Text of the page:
Goodness gracious, great balls of fire were seen falling from the sky Monday.

The sightings have puzzled astronomers and local experts who've failed to come up with an explanation.

Some witnesses described the unidentified flying objects as being bright blue, green, red or yellow.

While most sightings were reported around 1:30 p.m. near Sudbury, Hagar, Highway 69 North and North Bay, Wayne Lachance spotted something in the sky earlier in the morning.

Lachance was driving home to Massey after a night shift at Vale Inco Ltd. when something caught his eye around 7:30 a.m.

"I thought it was a real bright star," he said. "It was getting brighter and coming down with sparks."

Lachance arrived home and looked outside his bedroom window to see "spirals of smoke" falling.

Science North fielded about a dozen calls from residents who saw the fiery objects around 1:30 p.m.

Howie Mende, a staff scientist with a background in physics who works at the science centre, said the bright balls of fire could possibly be aircraft, a meteor, meteorite or satellite debris.

The amateur astronomer didn't see anything in the sky Monday, but spoke to many residents who did.

"Everybody who saw it thought it was near them," Mende said.

"It could be that it was different objects or it could be the same object and your perception of the space between you and the object gets distorted because it's such a rare event."

One person thought the object burned up before it reached the Earth, while other witnesses said it hit the ground.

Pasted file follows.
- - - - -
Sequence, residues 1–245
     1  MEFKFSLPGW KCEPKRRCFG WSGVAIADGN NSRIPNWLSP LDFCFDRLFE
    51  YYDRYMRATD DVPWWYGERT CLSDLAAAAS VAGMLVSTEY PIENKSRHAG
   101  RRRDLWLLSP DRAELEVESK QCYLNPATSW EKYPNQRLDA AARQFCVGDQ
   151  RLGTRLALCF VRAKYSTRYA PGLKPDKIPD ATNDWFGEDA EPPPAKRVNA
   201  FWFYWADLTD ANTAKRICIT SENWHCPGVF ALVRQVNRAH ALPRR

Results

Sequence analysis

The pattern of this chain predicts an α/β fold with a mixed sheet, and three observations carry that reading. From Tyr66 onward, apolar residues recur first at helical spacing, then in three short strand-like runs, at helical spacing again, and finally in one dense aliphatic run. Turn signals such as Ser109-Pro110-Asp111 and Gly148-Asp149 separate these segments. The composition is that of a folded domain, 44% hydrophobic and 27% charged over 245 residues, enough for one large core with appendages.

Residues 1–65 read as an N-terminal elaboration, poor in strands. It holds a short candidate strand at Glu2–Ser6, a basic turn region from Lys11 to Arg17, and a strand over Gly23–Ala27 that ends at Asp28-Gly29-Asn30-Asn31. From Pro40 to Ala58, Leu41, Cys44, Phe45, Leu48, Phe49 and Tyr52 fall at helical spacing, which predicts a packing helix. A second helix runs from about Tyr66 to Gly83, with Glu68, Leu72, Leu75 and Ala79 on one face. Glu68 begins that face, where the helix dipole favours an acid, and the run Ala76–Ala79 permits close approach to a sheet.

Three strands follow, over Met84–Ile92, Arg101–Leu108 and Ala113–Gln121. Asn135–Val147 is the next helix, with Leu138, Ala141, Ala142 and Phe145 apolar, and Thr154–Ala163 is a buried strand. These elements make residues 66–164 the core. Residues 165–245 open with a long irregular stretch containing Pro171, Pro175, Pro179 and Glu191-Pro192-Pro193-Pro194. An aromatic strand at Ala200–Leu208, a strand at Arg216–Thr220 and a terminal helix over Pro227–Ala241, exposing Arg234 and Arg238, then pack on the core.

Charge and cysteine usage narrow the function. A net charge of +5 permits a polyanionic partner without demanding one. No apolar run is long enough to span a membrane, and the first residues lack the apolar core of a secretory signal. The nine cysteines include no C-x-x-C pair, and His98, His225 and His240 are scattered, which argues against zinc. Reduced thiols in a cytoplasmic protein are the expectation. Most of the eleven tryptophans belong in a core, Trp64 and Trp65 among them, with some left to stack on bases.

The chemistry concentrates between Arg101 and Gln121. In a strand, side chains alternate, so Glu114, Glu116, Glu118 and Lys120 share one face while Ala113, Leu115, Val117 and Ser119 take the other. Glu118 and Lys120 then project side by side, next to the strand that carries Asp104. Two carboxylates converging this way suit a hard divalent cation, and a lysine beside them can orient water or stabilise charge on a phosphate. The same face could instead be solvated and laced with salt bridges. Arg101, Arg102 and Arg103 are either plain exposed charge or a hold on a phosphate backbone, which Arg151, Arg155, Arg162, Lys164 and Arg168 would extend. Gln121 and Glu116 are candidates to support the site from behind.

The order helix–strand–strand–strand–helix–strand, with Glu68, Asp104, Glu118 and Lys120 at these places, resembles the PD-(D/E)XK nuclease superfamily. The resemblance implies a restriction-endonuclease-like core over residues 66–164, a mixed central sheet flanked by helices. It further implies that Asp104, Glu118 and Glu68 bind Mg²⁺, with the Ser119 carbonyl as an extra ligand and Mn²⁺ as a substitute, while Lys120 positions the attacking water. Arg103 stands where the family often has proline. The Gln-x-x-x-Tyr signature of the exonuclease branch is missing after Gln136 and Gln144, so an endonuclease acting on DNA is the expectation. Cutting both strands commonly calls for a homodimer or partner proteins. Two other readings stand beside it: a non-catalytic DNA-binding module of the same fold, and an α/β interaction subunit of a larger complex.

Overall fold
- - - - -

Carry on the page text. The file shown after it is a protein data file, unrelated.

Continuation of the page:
"One person even thought a piece hit near her home, literally a few houses away," said Mende.

If the object was a falling meteorite, Mende said it's not unusual for it to happen during daylight.

"In our solar system, we're basically just another sphere," he said. "There's a whole bunch of other activity happening out there."

After speaking to witnesses, Mende believes the objects were anywhere from the size of a marble to a basketball.

"Can we even detect something that small with any accuracy?" If it's any bigger than that, there's a better chance of it hitting the Earth and us hearing or feeling an impact."

Last week, researchers at the University of Western Ontario reported that a blazing meteor captured on video may have fallen to Earth along the shore of Georgian Bay.

On March 5 at 10:59 p.m., the university's Physics and Astronomy Department's network of all-sky cameras - stationed across southern Ontario - picked up images of a large fireball streaking across the sky.